- Instructions to the jury where special measures are used;
- Express powers for the Courts are to make orders, directions and rulings concerning child witnesses; and
- Stringent protections for preserving the integrity of a child’s recorded evidence and safekeeping, with an offence for unauthorised possession or dealing with a recording.
“Bringing Part 5 of the Act into operation was predicated on ensuring the courts and others were equipped with the technology and physical environment resources needed to implement the range of special measures. Special audio-visual equipment is to be installed in Supreme Court No. 4, Magistrates’ Court No. 1 and both of the
Commercial Courtrooms. The equipment is already on the island, and specialist technicians are due to arrive at the end of July. According to the plan, the installation process should commence in the first week of August 2022.
“In June, the Supreme Court, Family Division facilitated training for judicial officers, professionals and legal practitioners in the key principles behind the approaches to engaging the special measures for child witness testimony as part of 2022 Matrimonial, Child & Family Law and Practice Seminar. The Judiciary and the Magistracy were present, as were the Family Court panel members, acting magistrates, senior members of the Bar, and the Director of Public Prosecutions.
“The courts and the Director of Public Prosecutions have indicated their readiness to implement Part 5 of the Act. The need for special measures is expected to be utilised in cases which are likely to proceed to trial in the coming months. These special measures bring our justice system fully up-to-date in methodologies to assist and protect child witnesses in sexual offence cases.
“The Witness Care Unit of the Department of Public Prosecutions provides care and facilitates support services for child witnesses and their families in preparation for trial. Witness Care Officers and Prosecutors are to be publicly commended for their professionalism, tact and compassion when engaging with child witnesses. With special measures coming into effect, families and support systems can now take greater assurance and comfort with the decision to have a child come forward to give evidence against an accused person.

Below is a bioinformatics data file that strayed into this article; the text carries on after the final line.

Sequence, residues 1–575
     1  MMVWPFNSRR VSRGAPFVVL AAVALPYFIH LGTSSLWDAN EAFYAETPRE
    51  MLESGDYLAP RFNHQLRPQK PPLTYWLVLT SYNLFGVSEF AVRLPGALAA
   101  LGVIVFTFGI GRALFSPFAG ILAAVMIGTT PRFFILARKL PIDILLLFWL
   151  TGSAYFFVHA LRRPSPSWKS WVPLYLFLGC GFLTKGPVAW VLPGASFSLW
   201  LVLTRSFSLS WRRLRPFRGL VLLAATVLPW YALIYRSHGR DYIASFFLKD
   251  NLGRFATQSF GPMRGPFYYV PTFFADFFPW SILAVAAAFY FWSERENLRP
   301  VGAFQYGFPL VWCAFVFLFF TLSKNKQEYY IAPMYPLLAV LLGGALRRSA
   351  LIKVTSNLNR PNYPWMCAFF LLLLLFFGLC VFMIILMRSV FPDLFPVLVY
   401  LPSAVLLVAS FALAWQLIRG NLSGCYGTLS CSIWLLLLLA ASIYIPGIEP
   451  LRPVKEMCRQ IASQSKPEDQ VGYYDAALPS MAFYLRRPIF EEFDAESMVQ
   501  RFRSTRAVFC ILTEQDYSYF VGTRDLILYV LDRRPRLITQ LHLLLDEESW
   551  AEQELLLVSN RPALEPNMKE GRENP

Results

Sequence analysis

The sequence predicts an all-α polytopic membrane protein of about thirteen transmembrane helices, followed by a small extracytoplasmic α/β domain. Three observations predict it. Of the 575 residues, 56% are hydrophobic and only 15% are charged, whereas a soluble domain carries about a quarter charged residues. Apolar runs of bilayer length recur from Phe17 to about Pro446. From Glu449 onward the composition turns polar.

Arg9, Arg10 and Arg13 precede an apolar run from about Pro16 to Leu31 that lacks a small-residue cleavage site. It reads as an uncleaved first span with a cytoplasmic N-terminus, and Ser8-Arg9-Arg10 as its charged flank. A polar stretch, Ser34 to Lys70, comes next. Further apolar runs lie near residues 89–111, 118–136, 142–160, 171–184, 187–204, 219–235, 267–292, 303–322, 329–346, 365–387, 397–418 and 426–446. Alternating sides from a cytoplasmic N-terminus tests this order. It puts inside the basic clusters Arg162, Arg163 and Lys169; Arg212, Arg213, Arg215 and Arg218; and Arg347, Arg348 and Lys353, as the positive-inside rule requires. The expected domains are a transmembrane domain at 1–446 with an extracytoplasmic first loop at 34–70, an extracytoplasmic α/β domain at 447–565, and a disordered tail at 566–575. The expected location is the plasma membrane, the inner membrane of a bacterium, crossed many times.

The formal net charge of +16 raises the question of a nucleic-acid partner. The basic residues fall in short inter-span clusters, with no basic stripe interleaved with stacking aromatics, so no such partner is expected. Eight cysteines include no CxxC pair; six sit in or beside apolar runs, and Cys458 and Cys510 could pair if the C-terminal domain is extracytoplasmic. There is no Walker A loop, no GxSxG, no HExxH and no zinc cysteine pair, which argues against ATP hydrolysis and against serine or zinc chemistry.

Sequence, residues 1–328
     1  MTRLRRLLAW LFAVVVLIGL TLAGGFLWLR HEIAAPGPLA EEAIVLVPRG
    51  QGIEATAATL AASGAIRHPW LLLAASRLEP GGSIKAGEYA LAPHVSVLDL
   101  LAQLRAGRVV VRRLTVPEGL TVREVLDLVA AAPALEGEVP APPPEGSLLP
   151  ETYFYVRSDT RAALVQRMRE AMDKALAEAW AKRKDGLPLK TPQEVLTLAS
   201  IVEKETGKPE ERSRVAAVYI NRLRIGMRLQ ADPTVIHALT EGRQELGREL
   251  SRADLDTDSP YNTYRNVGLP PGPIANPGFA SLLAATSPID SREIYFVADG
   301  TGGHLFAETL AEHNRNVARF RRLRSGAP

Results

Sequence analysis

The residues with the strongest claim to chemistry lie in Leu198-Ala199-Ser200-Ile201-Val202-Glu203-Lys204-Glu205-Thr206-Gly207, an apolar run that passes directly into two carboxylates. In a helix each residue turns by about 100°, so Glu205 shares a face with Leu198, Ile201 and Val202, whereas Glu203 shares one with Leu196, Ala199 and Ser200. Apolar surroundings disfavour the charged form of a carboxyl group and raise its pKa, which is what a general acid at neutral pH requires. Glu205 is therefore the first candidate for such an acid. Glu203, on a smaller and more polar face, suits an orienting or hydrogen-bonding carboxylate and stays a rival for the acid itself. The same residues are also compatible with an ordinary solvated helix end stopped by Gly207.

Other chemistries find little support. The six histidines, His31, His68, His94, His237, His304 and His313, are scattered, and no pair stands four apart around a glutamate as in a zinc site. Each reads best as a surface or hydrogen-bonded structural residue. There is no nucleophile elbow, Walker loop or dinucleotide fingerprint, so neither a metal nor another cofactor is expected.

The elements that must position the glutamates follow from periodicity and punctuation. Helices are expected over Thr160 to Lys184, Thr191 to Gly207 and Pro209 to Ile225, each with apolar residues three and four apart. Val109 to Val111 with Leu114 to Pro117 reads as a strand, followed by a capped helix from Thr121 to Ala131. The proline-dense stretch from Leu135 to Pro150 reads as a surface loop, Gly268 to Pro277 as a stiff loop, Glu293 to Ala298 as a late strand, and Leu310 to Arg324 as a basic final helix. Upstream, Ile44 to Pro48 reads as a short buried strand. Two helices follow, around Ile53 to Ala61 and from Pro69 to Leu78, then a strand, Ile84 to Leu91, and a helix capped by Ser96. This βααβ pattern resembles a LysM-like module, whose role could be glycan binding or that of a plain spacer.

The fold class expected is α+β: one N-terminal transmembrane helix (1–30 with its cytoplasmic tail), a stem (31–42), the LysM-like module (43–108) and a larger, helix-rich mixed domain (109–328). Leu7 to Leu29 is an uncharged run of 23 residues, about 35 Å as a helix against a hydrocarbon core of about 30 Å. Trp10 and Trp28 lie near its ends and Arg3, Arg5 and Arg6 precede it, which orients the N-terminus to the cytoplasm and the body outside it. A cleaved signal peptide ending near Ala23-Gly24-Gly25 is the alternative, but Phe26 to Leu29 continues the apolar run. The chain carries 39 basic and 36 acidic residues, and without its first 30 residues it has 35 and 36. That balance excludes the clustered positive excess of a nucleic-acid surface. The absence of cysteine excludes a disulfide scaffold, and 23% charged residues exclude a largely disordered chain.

“Every child deserves to be protected from abuse, harm and neglect. Their needs, and interests, are a top priority for this Government. We are determined to do all that we can to strengthen our child protection system, keep under review all laws affecting children, and enhance offender management regimes. Together with the Child Safeguarding Committee, we strive tirelessly to bring security and an environment that optimises the development of our most valued resource – our beautiful and most-deserving children.”
Lastly, the Attorney-General reminded the public that in Bermuda, mandatory reporting is required for all cases of known or suspected neglect or abuse of children. If individuals or institutions fail to identify, or fail to report, the signs of abuse and neglect, the consequences can be far-reaching and have a lasting adverse impact on children, their families and their life outcomes.